3. Writing will be practiced on leveled and differentiated graphic organizers.   Students will also write the meaning of a metaphor on an exit slip.   
  4. Therefore, the four language-learning skills will be practiced even though the main focus of this lesson is reading.
  5.  This lesson will lead up to the unit’s final project in which students will create their own poems accompanied by an art project.

         Instructional Objective

          Students will be to identify metaphors in e.e.cummings' poem, i will                carry your heart with me [i carry it in]

Outcome(s):

   The teacher will distribute the handout with the typewritten lyrics of       “Firework” by Katy Perry.

     The teacher will play this song for the students.

      The teacher will highlight a metaphor and ask the students what this               means.

       The teacher will explain that a metaphor compares a person or thing to            an object without using the words “like” or “as”.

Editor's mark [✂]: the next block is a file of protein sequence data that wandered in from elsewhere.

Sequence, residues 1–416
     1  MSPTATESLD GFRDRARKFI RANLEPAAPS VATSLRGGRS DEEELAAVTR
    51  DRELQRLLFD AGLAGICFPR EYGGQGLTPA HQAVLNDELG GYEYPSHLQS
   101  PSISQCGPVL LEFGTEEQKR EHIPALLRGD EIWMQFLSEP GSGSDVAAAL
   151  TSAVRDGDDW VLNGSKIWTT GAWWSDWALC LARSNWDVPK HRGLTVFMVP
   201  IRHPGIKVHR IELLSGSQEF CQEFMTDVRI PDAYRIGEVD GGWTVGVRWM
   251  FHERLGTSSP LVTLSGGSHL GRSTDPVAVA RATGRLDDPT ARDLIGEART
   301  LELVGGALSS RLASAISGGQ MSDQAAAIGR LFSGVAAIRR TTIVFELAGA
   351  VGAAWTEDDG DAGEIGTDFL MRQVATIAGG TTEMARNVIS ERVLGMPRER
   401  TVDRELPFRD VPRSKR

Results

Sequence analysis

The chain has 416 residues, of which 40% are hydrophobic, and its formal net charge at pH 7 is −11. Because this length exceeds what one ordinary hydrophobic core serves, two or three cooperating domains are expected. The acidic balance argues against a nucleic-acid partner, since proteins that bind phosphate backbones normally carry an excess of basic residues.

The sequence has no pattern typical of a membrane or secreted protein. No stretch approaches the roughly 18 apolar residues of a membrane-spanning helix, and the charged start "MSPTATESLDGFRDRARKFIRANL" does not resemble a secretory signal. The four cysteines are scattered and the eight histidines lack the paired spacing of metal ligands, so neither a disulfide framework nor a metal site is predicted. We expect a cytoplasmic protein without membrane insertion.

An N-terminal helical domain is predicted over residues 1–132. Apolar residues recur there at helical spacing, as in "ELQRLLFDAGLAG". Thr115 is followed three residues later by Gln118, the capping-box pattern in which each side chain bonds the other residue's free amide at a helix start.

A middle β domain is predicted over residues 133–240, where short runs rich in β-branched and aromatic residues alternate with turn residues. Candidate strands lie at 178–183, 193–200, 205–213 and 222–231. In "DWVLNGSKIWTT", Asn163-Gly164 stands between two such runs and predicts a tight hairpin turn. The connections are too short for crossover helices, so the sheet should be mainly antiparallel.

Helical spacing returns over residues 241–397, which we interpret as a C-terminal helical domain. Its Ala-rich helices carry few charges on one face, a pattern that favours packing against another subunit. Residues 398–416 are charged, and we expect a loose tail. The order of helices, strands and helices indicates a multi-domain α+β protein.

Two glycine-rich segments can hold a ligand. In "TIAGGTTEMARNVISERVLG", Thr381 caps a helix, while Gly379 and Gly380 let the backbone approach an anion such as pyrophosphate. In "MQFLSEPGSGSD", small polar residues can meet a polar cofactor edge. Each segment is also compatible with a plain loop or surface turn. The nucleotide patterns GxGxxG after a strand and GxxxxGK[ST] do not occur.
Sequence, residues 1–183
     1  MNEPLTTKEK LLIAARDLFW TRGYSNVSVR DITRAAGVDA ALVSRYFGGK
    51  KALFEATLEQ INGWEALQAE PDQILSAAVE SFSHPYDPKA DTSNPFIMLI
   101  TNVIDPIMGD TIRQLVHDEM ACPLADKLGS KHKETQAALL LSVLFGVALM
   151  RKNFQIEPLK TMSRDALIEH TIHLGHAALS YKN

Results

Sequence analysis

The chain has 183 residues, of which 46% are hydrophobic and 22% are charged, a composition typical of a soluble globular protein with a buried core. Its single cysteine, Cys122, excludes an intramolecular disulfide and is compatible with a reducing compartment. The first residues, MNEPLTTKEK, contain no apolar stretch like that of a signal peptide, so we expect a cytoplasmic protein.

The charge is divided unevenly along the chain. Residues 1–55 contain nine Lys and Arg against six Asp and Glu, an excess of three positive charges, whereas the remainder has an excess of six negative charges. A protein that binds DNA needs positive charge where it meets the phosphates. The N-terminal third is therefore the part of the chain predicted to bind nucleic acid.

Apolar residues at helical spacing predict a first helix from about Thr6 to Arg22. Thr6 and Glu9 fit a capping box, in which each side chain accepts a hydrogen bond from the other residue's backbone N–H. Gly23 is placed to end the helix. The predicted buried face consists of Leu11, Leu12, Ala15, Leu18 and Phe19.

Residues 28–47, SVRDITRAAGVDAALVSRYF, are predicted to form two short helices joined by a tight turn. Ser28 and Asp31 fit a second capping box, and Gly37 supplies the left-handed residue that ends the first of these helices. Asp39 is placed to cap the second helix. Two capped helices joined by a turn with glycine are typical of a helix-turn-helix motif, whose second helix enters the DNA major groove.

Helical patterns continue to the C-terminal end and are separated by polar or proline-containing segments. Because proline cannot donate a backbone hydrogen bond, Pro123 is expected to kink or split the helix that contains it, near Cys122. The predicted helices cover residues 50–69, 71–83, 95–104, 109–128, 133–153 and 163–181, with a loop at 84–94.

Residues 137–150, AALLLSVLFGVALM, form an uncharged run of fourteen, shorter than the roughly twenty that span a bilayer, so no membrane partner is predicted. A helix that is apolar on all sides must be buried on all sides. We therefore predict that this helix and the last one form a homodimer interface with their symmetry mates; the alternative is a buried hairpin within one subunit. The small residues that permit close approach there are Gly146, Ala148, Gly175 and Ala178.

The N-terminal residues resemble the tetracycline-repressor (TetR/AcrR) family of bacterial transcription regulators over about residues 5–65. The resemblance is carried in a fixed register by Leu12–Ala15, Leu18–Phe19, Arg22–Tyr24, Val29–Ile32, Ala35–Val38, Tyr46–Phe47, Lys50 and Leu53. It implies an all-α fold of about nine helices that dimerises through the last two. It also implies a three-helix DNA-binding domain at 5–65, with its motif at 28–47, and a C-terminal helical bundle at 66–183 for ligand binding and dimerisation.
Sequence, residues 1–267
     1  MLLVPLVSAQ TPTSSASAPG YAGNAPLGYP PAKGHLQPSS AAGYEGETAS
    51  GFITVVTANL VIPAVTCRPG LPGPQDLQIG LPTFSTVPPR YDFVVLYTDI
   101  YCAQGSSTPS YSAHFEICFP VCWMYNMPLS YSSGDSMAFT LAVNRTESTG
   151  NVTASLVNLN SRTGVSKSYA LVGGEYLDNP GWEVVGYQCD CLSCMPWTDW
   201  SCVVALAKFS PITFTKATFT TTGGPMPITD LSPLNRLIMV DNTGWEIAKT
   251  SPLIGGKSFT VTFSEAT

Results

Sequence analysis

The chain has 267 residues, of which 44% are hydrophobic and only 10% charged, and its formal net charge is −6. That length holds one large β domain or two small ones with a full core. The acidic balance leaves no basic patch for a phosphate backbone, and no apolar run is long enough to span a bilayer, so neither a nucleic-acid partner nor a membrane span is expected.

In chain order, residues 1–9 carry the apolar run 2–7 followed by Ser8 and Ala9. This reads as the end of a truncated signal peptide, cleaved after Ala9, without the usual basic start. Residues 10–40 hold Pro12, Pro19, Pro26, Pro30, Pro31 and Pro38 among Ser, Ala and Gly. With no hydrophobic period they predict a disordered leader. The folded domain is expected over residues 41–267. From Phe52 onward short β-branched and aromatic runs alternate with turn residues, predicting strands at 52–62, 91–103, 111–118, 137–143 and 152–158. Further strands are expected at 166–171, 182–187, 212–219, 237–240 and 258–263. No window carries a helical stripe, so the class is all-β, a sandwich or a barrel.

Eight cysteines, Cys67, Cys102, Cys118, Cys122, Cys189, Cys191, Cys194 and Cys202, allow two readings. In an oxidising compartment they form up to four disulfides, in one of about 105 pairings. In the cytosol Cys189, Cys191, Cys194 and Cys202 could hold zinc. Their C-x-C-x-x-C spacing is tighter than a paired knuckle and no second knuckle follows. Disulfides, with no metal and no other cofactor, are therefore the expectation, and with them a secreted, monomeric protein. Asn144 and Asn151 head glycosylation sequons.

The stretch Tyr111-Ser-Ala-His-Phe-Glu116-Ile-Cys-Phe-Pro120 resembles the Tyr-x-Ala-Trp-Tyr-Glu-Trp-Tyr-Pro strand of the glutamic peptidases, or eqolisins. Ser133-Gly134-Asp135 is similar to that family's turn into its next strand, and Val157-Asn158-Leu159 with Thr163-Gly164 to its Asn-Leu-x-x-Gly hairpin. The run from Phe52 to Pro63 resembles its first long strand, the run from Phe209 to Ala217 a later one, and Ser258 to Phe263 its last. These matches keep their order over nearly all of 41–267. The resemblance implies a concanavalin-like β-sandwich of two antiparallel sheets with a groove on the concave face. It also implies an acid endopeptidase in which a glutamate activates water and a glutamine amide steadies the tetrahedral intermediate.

The teacher will explain this type of comparison called a metaphor (rhetorical device) in more detail.

The teacher will invite students to Turn and Talk to a partner.  Each pair will find three or more metaphors in the song “Firework”.

The teacher will have students share what they found in all class share.

 

Procedure:

Procedure:

  1. The teacher will distribute the handout with the typewritten poem “I carry your heart with me [I carry it in my heart]” by E.E. Cummings to each student.
  2.  The teacher will read the poem aloud having students listen carefully to the varied intonation—varied intonation (pitch or cadence) of her voice adding musicality to the poem.
  3. The teacher will ask students what they notice about the way she reads the poem.
  4. The teacher will then explain that she uses a musical tone in reading poetry aloud by altering the pitch or cadence of her voice.